A. We like his ability to block in-line and hold his own against defensive linemen. He’s a physical, aggressive player.
Q. You made the decision to bring back Johnny Jolly, another enormous man. Was this another case of adding more bulk?
A. Johnny, of course, was with us before. He’s a good football player. Obviously, there’s questions regarding his time away and how that will affect his play.
Q. You played football at the highest level for a decade. I’m sure when someone like me offers the opinion that the Packers haven’t been a physical team since the Super Bowl, you get your dander up and dismiss the criticism because a writer can’t possibly know anything about toughness. But if you would put aside those feelings, do you honestly think the Packers fit the NFL description of a physical team the past two years?
A. Yes, I do. I said something the other day in the press conference that probably was over the top. I don’t mean any disrespect, but I think me being a little bit closer to the game I think I have more of an appreciation for what these guys go through. I don’t think you can win games on a consistent basis like we’ve done over the last two or three years and have an un-tough team. I think that’s too simplistic. You can get into games sometimes, like the San Francisco playoff game, where they get the upper hand and it just goes the wrong way. I don’t think that necessarily means we’re not tough.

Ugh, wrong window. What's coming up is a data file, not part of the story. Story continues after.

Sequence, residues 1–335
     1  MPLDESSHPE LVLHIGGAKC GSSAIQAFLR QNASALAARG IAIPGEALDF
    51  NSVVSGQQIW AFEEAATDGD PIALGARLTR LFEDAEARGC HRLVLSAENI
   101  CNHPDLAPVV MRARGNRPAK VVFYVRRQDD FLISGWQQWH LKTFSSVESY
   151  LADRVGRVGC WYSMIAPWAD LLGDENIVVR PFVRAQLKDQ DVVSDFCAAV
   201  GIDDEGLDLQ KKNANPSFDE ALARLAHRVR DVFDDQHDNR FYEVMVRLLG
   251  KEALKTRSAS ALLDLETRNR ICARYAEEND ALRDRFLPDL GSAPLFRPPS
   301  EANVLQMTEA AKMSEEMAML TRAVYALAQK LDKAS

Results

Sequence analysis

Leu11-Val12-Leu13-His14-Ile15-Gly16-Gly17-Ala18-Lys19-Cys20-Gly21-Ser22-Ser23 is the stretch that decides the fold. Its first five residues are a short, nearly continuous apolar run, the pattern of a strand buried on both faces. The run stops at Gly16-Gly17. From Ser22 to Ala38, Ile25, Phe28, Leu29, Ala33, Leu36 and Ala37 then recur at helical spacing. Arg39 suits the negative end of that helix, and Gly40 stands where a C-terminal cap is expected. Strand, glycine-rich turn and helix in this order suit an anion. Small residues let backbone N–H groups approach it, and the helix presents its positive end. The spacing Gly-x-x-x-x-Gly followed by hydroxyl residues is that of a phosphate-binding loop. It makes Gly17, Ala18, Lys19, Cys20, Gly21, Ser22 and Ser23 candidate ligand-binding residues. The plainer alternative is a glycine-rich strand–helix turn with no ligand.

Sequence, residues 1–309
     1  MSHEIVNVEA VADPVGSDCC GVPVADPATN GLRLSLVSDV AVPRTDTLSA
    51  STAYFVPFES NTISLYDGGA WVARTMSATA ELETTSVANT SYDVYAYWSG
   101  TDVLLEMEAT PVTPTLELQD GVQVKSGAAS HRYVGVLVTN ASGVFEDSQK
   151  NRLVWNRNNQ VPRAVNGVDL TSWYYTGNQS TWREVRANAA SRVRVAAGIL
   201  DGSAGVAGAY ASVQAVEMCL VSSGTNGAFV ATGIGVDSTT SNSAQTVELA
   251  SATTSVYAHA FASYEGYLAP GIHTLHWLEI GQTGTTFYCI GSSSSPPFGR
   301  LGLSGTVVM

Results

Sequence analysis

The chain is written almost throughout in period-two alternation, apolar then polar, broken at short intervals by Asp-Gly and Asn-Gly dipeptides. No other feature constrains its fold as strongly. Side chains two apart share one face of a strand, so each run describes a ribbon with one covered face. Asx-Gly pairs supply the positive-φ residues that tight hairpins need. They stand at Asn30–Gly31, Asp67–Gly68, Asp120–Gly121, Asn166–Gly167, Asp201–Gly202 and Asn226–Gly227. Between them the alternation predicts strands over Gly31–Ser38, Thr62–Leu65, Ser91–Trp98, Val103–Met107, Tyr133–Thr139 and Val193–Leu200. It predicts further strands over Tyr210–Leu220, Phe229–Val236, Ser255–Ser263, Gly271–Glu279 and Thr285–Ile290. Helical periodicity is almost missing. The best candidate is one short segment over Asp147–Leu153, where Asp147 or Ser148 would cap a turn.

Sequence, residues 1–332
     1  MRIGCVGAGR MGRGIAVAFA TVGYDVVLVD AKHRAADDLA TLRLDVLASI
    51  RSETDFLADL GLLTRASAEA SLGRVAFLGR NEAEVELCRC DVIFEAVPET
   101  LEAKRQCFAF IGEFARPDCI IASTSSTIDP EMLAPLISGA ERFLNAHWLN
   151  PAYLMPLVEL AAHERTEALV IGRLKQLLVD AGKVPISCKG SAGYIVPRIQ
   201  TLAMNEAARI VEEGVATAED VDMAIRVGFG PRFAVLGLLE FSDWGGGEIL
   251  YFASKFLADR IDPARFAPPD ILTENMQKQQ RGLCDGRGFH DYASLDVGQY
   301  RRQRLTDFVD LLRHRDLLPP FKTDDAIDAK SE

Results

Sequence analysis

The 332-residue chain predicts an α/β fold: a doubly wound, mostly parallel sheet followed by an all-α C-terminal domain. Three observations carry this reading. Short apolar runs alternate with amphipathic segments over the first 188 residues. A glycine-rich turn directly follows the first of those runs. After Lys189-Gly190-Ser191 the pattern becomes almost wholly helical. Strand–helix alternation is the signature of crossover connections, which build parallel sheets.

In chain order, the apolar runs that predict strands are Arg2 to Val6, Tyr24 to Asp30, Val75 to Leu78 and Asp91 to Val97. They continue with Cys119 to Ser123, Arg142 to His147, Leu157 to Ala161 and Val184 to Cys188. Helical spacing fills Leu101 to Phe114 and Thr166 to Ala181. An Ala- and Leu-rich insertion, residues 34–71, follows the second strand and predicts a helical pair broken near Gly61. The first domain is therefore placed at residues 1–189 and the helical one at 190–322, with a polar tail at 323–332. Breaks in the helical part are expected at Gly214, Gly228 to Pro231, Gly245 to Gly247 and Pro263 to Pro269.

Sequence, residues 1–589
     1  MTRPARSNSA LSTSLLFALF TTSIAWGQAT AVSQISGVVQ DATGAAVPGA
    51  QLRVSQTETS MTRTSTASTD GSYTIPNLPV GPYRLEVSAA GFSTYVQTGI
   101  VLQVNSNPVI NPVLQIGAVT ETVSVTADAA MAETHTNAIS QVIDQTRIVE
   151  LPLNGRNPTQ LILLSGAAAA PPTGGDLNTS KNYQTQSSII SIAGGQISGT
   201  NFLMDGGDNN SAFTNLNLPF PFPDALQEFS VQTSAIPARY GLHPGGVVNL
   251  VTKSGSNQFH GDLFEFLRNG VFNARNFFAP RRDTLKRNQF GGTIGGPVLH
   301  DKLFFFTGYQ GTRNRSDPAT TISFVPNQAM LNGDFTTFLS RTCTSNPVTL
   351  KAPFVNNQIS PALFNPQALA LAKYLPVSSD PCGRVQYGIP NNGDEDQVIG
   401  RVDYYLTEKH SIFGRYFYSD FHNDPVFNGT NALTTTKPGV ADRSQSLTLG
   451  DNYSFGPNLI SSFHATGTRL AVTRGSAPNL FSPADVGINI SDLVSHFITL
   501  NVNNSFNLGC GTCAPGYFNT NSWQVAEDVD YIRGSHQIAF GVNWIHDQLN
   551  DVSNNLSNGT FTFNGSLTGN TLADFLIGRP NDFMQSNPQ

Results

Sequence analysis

Q. In 18 games last year the Packers forced one running back to fumble. On offense, the ground game seldom was there, especially in short-yardage. Mike McCarthy indicated in February that the Packers fell somewhere in the middle on the NFL physicality scale. The 49ers and Seahawks kind of just run around and hit people. Green Bay hasn’t. Is this an issue for you?
A. I don’t think so.
Q. When you weigh road games against San Francisco, Baltimore and the New York Giants in the first 10 weeks, do you think you can win throwing the ball around and just being OK on defense?
A. No. I think we’re going to have to be an improved team. Every year you have to get better. We’ve made some steps to do that. We’ll see how this team comes together during the next several weeks.